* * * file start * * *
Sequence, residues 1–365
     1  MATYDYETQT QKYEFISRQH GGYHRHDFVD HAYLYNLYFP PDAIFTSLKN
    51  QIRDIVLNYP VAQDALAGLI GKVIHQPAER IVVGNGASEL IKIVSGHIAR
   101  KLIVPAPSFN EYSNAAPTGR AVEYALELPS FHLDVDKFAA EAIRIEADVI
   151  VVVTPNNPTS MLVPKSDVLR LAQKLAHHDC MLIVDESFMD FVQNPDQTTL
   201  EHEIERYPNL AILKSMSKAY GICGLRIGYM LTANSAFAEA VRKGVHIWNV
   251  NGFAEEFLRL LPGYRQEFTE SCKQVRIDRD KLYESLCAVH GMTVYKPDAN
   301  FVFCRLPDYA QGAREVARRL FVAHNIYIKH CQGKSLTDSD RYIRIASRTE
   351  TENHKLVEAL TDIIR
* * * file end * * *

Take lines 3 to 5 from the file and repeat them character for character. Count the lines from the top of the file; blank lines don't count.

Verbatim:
    51  QIRDIVLNYP VAQDALAGLI GKVIHQPAER IVVGNGASEL IKIVSGHIAR
   101  KLIVPAPSFN EYSNAAPTGR AVEYALELPS FHLDVDKFAA EAIRIEADVI
   151  VVVTPNNPTS MLVPKSDVLR LAQKLAHHDC MLIVDESFMD FVQNPDQTTL